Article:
Policy making is a complex activity since it involves striking a balance between legal requirements, intended outcomes, the limits of scientific knowledge at any given time, and the public response to the policy. Whilst incorporating popular input into the process is crucial to the legitimacy and acceptability of the outcome, it is also desirable to match citizen’s expectations and demands to the policy.
Questions of great concern for policy makers then become how to base policy on the existing knowledge base? How to trust the sufficiency of data, its complexity and representation, as well as what extent the impact of a policy can be predicted before it is implemented? The full impact of policy decisions is not always obvious at the time the policy is formulated or enacted, and any short-comings of the policy become known when it is too late to change it. In this stage, policy makers and analysts alike wrestle with how to intelligently filter information according to relevance, relationship and provenance.
Editors: Aron Larsson, Mid Sweden University and Somya Joshi, Stockholm University
Online tools make large scale organisation of volunteer activities easier at the same time as the public sphere is becoming more difficult to navigate, demanding an ever higher level of digital literacy of those who want to participate. NGOs play an important role in creating and maintaining alternative public spheres by providing not only infrastructure, but by accommodating people’s need to belong, for recognition and for places to meet.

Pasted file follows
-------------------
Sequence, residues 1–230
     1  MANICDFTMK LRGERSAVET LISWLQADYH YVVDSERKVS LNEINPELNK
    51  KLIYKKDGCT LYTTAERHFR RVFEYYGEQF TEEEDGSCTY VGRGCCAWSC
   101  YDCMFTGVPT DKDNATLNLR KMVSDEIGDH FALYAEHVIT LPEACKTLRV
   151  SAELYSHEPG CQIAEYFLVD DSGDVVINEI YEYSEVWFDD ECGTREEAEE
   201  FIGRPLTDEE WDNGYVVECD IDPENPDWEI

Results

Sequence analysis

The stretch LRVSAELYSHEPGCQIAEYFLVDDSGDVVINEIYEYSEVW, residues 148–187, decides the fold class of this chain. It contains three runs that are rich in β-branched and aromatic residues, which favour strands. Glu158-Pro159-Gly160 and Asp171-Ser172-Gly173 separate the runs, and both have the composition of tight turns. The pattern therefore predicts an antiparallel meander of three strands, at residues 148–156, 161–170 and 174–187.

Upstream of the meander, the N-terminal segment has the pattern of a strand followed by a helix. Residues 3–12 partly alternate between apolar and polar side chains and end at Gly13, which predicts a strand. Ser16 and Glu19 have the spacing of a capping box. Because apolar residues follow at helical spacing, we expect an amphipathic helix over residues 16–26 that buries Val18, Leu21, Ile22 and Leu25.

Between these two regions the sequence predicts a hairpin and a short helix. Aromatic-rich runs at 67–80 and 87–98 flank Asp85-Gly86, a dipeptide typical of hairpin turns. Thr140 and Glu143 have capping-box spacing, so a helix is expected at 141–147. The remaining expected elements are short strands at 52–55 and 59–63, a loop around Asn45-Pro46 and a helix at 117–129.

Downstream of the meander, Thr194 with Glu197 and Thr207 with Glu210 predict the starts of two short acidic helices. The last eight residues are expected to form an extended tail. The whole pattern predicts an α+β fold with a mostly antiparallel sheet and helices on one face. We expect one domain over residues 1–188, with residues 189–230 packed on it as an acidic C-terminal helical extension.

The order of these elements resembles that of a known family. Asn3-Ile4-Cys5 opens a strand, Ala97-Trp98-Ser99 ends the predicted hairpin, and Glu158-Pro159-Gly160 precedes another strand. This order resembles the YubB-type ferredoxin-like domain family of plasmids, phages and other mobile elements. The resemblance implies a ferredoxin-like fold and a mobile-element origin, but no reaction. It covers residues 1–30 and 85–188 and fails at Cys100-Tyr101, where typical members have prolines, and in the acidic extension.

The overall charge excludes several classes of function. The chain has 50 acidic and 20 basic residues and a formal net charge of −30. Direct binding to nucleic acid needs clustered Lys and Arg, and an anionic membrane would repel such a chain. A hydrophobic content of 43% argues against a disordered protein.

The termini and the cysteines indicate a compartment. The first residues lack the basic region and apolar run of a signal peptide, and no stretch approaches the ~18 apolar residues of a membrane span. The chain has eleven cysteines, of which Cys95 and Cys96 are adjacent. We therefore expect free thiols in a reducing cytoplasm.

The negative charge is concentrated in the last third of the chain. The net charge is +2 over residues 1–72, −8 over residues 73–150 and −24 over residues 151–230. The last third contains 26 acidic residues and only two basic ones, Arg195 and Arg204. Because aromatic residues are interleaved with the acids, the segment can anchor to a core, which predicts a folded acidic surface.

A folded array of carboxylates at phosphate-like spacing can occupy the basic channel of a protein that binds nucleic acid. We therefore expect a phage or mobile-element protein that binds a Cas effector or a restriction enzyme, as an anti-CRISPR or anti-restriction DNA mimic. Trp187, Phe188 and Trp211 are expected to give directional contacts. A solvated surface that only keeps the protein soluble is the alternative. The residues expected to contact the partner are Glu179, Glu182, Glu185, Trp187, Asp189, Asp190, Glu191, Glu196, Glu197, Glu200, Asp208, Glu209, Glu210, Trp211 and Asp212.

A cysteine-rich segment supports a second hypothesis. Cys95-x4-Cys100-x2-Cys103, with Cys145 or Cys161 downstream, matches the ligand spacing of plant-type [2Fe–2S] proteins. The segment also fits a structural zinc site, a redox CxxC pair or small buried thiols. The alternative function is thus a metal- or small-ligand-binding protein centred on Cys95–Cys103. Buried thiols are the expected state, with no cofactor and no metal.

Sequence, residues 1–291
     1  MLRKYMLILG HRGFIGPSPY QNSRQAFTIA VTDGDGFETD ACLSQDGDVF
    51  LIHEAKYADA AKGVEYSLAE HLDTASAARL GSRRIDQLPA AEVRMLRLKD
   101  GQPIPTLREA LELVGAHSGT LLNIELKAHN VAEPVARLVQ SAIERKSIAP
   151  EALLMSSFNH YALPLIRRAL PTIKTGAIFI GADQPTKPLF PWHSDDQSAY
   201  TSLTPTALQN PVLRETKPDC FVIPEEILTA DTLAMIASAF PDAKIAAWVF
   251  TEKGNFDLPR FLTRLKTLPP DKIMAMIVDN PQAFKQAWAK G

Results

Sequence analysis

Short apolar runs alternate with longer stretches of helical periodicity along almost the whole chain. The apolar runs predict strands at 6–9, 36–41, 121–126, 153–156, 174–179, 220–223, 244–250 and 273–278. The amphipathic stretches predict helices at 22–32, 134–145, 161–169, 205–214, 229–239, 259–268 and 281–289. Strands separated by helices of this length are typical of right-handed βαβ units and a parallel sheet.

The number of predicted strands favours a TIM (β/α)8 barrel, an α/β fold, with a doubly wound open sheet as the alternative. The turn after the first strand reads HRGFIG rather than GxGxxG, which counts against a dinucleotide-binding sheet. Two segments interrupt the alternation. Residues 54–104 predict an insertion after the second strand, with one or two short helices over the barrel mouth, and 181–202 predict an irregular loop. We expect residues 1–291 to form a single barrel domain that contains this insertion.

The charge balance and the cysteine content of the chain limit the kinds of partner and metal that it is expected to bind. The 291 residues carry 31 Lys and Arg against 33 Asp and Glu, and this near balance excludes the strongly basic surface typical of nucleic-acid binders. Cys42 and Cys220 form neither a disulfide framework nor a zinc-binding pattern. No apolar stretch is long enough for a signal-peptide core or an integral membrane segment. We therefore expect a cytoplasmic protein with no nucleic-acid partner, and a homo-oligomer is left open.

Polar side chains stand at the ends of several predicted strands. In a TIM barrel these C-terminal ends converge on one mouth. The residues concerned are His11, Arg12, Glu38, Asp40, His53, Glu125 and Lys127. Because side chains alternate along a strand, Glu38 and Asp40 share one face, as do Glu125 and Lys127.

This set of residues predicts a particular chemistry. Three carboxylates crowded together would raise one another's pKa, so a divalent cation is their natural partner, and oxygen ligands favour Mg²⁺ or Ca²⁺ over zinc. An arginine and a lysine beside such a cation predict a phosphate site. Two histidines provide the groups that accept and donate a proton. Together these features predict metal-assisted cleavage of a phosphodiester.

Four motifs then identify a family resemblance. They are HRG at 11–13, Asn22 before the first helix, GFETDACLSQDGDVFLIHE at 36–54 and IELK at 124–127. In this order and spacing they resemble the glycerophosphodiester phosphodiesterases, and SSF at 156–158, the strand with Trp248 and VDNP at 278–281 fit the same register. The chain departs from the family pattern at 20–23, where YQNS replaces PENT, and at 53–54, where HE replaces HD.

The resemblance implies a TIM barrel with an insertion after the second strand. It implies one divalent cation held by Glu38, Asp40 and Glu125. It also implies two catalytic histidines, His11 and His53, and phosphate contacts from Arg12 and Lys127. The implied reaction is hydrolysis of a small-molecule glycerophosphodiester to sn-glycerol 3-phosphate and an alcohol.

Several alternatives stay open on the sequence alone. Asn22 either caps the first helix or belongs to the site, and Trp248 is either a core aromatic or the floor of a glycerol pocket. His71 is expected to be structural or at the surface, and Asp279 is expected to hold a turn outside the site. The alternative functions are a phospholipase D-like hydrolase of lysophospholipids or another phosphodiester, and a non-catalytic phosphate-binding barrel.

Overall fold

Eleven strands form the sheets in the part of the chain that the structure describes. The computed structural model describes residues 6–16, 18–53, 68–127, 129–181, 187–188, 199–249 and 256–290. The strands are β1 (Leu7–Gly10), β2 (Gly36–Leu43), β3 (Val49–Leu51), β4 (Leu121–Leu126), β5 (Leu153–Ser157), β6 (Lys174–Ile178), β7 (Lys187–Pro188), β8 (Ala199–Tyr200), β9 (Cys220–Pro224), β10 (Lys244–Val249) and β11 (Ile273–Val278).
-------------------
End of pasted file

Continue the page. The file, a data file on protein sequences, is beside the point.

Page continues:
This special issue contains contributions from research that examines, in different ways, how the voluntary sector uses ICT to support both internally, its democratic structures, and externally, democracy in the community. The authors represented in this issue come from a variety of disciplines such as computer science, economics, political science and informatics, and the studies they present come from four different continents covering the use of online phenomena such as crowdsourcing, community journalism, blogging and social media.
Karin Hansson, Dept. of Computer and Systems Sciences, Stockholm University & Royal Institute of Art in Stockholm (email@example.com)
- Rowena Cullen, Professor Ph.D. Associate Dean, Research, Victoria Business School, University of Wellington
- Johannes W. Pichler Professor Ph.D. Chair Professor for European Legal Developments. Head of the Department, Dept. for European Legal Developments, Law Faculty, University of Graz
- Love Ekenberg Professor Ph.D. Dept. of Computer and Systems Sciences, Stockholm University, and The International Institute of Applied Systems Analysis, IIASA.
- Jeremy Rose Professor Ph.D. Dept. of Communication and Information, University of Skövde
- Frank Bannister, Associate Professor Ph.D. School of Computer Science and Statistics, Trinity College Dublin
- Jakob Svensson, Associate Professor Ph.D. Dept. of Informatics and Media, Uppsala university
- Peter Parycek, Ph.D. Head of Centre, Centre for E-Governance, Danube-University Krems